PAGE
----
Purdue Pharma reaches tentative opioid settlement with some: sources

FILE PHOTO: Bottles of prescription painkiller OxyContin pills, made by Purdue Pharma LP sit on a counter at a local pharmacy in Provo, Utah, U.S., April 25, 2017. REUTERS/George Frey/File Photo

NEW YORK (Reuters) – OxyContin maker Purdue Pharma LP reached a tentative agreement with some plaintiffs to resolve litigation over its alleged role in fueling the U.S. opioid crisis and plans to tussle with states opposing the settlement offer in bankruptcy proceedings as soon as next week, people familiar with the matter said.

On Wednesday, lead lawyers representing more than 2,000 cities, counties and other plaintiffs suing Purdue, along with 23 states and three U.S. territories, were on board with an offer from the company and its controlling Sackler family to settle lawsuits in a deal valued at up to $12 billion, the people said.

More than a dozen other states remain opposed or uncommitted to the deal, setting the stage for a legal battle over Purdue’s efforts to contain the litigation in bankruptcy court, they said.

States on Wednesday updated a federal judge on the settlement offer’s support, which could evolve as the day progresses, the people said.

Purdue’s board is scheduled to be briefed on settlement progress on Thursday, one of the people said. There remained a chance negotiations could fall apart and the company’s plans, including timing of a bankruptcy filing, could change, the person said.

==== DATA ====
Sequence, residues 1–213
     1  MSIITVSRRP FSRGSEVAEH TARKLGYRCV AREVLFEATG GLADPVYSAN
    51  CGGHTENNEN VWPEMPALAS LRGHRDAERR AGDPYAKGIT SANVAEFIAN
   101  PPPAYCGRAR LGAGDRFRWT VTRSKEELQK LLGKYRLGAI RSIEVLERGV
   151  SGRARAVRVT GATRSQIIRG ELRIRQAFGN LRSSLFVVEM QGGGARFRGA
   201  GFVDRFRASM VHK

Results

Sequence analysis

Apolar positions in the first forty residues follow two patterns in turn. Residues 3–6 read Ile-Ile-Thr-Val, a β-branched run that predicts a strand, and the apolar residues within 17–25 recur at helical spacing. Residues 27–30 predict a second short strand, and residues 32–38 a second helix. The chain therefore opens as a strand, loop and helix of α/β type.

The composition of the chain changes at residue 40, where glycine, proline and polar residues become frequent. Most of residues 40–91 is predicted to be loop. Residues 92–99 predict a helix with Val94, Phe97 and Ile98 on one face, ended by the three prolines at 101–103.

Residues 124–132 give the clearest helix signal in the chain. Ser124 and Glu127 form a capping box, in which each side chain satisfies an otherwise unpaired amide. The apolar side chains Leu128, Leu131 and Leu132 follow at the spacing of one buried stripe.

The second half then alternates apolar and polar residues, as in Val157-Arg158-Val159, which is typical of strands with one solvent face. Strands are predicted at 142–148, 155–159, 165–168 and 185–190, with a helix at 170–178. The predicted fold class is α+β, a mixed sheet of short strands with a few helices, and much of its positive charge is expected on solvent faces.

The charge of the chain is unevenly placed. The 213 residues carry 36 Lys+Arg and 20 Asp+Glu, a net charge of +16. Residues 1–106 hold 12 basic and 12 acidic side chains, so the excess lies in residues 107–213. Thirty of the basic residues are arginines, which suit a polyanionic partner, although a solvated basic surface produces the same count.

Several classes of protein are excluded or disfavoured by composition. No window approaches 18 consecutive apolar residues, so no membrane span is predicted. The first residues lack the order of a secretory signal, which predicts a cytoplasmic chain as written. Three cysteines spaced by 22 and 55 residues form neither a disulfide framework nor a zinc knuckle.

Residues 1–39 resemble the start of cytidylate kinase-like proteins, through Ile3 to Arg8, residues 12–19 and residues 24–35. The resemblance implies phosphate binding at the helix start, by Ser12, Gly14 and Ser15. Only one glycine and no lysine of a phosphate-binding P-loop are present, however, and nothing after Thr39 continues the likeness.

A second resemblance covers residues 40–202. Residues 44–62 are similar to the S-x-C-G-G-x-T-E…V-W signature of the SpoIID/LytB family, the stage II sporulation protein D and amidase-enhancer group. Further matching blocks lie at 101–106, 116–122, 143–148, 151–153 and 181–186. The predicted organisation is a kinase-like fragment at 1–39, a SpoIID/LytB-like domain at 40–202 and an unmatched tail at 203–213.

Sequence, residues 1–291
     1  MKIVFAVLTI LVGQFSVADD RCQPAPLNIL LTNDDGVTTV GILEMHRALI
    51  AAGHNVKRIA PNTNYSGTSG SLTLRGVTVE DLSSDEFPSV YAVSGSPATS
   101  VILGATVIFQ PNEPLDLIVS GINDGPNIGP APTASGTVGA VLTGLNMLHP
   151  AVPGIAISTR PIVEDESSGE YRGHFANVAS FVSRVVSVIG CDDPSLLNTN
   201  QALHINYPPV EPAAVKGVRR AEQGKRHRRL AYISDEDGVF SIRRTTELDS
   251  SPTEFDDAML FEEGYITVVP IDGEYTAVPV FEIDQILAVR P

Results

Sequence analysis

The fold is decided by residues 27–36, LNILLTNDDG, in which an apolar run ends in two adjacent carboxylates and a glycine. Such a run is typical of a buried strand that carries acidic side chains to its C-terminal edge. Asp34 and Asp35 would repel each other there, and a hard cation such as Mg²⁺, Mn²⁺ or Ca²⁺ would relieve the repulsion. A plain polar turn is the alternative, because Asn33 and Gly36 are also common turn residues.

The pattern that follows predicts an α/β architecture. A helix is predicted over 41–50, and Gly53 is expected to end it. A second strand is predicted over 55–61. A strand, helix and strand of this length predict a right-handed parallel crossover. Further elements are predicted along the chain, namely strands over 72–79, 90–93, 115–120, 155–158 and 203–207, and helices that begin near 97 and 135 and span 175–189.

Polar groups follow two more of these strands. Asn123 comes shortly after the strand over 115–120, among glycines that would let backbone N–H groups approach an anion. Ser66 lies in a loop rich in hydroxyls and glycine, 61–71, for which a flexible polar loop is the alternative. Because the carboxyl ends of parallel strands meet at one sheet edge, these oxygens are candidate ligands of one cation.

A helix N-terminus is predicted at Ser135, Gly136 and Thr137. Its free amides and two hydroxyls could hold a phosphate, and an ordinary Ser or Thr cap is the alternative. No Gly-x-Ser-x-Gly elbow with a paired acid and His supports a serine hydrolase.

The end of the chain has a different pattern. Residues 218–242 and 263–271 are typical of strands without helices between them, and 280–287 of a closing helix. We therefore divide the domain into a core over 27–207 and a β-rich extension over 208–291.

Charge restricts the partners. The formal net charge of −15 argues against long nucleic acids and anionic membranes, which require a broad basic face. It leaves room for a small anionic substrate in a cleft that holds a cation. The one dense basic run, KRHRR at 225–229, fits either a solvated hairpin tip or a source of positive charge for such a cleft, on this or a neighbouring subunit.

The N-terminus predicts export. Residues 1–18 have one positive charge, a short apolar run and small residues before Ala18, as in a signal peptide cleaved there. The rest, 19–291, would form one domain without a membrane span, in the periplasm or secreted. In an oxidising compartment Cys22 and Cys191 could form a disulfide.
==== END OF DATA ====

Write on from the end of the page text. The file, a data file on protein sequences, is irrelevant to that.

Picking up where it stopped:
Reuters earlier on Wednesday reported that Purdue was nearing a settlement with cities and many states.

The Sacklers, well-known wealthy philanthropists, have declined to revise their proposed settlement contribution of $3 billion over seven years and another $1.5 billion or more through eventual sale of another business they own called Mundipharma, several people familiar with the matter said.

New York, Massachusetts and Connecticut, where privately-held Purdue is based, are among states opposed to the current offer and have pushed the family to guarantee $4.5 billion, the people said.

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